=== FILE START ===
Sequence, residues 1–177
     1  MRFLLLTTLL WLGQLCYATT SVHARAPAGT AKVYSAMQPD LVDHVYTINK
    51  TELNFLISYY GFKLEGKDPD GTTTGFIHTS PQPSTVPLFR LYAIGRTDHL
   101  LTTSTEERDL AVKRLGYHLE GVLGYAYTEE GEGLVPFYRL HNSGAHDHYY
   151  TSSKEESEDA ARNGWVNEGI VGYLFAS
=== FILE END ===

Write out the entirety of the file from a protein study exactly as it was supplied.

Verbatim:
Sequence, residues 1–177
     1  MRFLLLTTLL WLGQLCYATT SVHARAPAGT AKVYSAMQPD LVDHVYTINK
    51  TELNFLISYY GFKLEGKDPD GTTTGFIHTS PQPSTVPLFR LYAIGRTDHL
   101  LTTSTEERDL AVKRLGYHLE GVLGYAYTEE GEGLVPFYRL HNSGAHDHYY
   151  TSSKEESEDA ARNGWVNEGI VGYLFAS